Jodi Lea Stewart

Loving and Writing About the Southwest and the South

TJ (Thomas Jefferson) and the Tomatoes


Tomatoes. How we love them. How we need them.

Need them?

Sure. I’ll prove it.

Imagine a plate of spaghetti and meatballs without a  delicious, red spaghetti sauce. Envision always ordering white pizzas with an Alfredo or cheese sauce base.

Red sauce = tomatoes.

Salsa = tomatoes.

Ketchup = tomatoes.

Must I go on?

Yes. Because nothing but tomatoes can make our salads both juicy AND pretty.


Since we admit we need them, what about the tire-tread taste of the tomatoes we buy at the store?

First of all, don’t blame the tomatoes. They’re innocent. Tomatoes grown for commercial purposes can’t luxuriate at the Riviera in the sunshine until they are red and ready. They are harvested from the vine while still green, gassed with ethylene – which turns them pukey pink inside – and shipped off to stores to wind up in your sauces, soups, and salads. That’s why they look sick and have no taste.

Thomas_Jefferson_revDid Thomas Jefferson (TJ) have to tolerate crappy tasteless tomatoes?

What does Thomas Jefferson have to do with tomatoes? Well, he indisputably was the most enthusiastic gardener-president we’ve ever had in office. He kept a garden calendar from 1767 to 1824, and he never failed to plant tomatoes. They appeared often in the Jefferson family recipes.

Naturally, Jefferson loved tomatoes.  And he should have. They were delicious, different “creatures” in those days. Even most home-garden grown tomatoes and organic crops aren’t as good as the ones Thomas Jefferson produced. Why? Because TJ grew them before genetic modification. Genetic modification makes generic seeds and grocery-store vegetables:

1)      more resistant to pesticides and weed killers,

2)      easier to ship,

3)      slower to rot,

4)      tasteless . . . and of dubious nutritional value.

Furtunately, we aren’t stuck with these cardboard versions of formerly delicious vegetables.

I found out about heirloom gardening  from my mother, who found out about heirloom seeds from her sister. They had a farmer dad, you know, and it’s in their blood to care about things growing out of dirt.

What are Heirloom Vegetables?

Heirloom seeds are carefully harvested from strains going back thousands of years. Some descend from seeds sewn into clothes by immigrants coming to America, or from Thomas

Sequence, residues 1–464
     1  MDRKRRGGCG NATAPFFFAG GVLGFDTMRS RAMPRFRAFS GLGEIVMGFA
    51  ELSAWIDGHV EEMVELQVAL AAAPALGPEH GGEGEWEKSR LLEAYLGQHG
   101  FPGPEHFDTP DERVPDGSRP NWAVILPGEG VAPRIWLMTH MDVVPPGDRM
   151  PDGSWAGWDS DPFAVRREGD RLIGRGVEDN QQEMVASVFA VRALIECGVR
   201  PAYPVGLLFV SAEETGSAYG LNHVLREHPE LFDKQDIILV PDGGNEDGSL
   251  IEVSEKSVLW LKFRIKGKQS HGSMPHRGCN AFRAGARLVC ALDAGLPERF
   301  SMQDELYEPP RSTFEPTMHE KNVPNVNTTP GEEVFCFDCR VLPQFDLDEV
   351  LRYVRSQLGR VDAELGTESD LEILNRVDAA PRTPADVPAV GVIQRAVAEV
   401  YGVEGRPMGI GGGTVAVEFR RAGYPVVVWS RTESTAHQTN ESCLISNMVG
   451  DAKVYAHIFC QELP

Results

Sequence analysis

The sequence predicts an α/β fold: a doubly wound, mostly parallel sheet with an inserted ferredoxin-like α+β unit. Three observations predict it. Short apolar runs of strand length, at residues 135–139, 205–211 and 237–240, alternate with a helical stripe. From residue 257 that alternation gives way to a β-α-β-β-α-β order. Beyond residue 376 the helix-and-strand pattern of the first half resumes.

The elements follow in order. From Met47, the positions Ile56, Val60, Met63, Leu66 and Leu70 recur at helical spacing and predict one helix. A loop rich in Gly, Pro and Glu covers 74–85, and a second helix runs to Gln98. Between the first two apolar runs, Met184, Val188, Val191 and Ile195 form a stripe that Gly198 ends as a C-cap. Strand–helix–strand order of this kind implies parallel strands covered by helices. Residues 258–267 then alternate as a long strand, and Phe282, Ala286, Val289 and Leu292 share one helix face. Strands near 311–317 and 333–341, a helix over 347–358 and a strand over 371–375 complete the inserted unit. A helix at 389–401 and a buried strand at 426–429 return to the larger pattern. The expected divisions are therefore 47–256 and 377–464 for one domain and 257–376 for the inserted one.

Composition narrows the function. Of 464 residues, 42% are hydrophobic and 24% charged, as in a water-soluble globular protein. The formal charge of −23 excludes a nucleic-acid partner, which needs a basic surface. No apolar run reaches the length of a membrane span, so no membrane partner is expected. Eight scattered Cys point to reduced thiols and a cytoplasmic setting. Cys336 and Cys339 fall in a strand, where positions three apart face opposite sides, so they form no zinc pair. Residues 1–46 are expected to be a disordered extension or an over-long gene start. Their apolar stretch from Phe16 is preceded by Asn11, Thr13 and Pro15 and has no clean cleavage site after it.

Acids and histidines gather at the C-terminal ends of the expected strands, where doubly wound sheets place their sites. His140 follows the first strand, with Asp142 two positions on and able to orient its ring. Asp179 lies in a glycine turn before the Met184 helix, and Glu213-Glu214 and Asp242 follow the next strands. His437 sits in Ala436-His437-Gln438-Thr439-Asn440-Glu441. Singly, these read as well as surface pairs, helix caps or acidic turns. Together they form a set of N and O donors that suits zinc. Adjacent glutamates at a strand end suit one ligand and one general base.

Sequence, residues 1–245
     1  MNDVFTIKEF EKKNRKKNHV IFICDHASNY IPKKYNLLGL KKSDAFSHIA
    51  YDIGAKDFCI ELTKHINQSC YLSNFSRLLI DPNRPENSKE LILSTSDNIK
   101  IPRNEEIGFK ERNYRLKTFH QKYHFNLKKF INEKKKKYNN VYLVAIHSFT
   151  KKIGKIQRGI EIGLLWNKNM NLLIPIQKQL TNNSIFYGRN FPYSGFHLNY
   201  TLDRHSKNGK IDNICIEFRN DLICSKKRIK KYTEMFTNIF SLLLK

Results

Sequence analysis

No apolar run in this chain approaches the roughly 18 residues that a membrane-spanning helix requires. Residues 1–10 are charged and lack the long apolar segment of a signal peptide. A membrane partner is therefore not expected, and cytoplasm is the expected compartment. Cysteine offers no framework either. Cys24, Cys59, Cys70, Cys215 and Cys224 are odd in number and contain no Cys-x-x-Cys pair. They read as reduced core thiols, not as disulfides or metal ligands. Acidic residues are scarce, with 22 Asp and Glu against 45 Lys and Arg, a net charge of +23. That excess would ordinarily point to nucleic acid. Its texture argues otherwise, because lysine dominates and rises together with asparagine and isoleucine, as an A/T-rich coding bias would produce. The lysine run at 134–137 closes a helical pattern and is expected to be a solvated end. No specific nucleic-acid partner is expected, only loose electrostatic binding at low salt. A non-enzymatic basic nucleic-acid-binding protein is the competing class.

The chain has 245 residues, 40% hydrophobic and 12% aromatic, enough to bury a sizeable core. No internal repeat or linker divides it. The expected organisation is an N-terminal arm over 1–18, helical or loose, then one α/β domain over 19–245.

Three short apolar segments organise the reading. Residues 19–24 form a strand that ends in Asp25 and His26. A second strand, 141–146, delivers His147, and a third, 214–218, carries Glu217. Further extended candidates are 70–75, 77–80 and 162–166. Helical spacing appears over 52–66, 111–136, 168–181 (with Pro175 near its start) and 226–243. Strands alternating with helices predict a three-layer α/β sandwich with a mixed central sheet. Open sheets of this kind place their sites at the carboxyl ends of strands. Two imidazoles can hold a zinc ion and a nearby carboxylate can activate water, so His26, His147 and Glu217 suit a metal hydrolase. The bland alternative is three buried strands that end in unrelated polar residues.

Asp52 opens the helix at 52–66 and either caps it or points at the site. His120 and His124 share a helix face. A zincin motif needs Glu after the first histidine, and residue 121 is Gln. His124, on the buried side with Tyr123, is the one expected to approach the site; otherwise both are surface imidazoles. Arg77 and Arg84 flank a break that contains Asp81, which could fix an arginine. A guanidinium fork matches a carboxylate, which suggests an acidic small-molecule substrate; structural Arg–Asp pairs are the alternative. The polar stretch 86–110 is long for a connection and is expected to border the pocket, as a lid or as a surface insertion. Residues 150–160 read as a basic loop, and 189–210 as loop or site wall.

Monticello Vegetable Garden

Jefferson’s own garden.

According to Jack Penman in Getting Back to America’s Roots, since these seeds evolved before the age of industrial agriculture, they often grow better under eco-friendly practices.

Did you get that? They’re naturally hardy and disease resistant without chemicals.

Jere Gettle, owner of Baker Creed Heirloom Seeds, sends out two million heirloom seed packets a year and says that number is rising at about thirty percent annually. Who knew? Added bonus: You can buy enough seeds to grow a crop for three years for less than ten dollars. Plus, you won’t have to reorder if you save your seeds. (P.S. You have to click on the Baker Creed link…it’s so cool. And you’ll see vegetables that look surreal!)

So now you know. Choosing pasty, yucky tomatoes or full-bodied delicious ones right out of Thomas Jefferson’s garden is now a matter of choice…and a little sweat o’ the brow!

Want to know more?

The Heirloom Tomato: From Garden to Table: Recipes, Portraits, and History of the World’s Most Beautiful Fruit






Heirloom Gardens to see  

What about you?  Do you ever worry about the gases they use to “ripen” our fruits and vegetables? What about hybrids and genetic modification . . . scary or not scary? I’ll say this, I’ve learned that none of us is getting out of this world alive. Therefore, our quality of life while we’re here should be pretty important. Upping the quality of the food we eat may be part of seeking that higher ground.



6 thoughts on “TJ (Thomas Jefferson) and the Tomatoes

  1. It’s funny. I’ve heard about heirloom tomatoes for years but really never thought beyond their being something that “real” gardeners prefer. I usually end up with the tomatoes and other vegetables that my father-in-law can’t fit in his garden, and I’m usually pretty happy with the selection. We end up with tomatoes that are much better than the ones at the store (I refuse to buy tomatoes off-season, which is 10 months of the year here) but probably not up to heirloom quality. Thanks for the info. Maybe next year I will get started before my father in law and offer him some heirloom seeds so both of us (and our families) can benefit. 🙂

  2. I can’t stand the average tomato, thus I ALWAYS request them to be left off anything I order which includes them as “garmish.” Blech! Tasteless, mealy, pink and shriveled… not my idea of what a tomato should taste like.
    I am inspired! I MUST order these heirloom seeds and plant some of my own. GOOD tomatoes are irresistible, especially when thickly sliced and sprinkled with a little sea salt and fresh-cracked pepper alongside some jalapeno strips, avacado, mozzerella and basil or a thick slice of white onion. Mmmm…

    1. You have certainly made me hungry, Sunny! It sounds like you know your tomatoes. Keep us informed about which seeds you choose and how the gardening goes, okay? Thanks for visiting!

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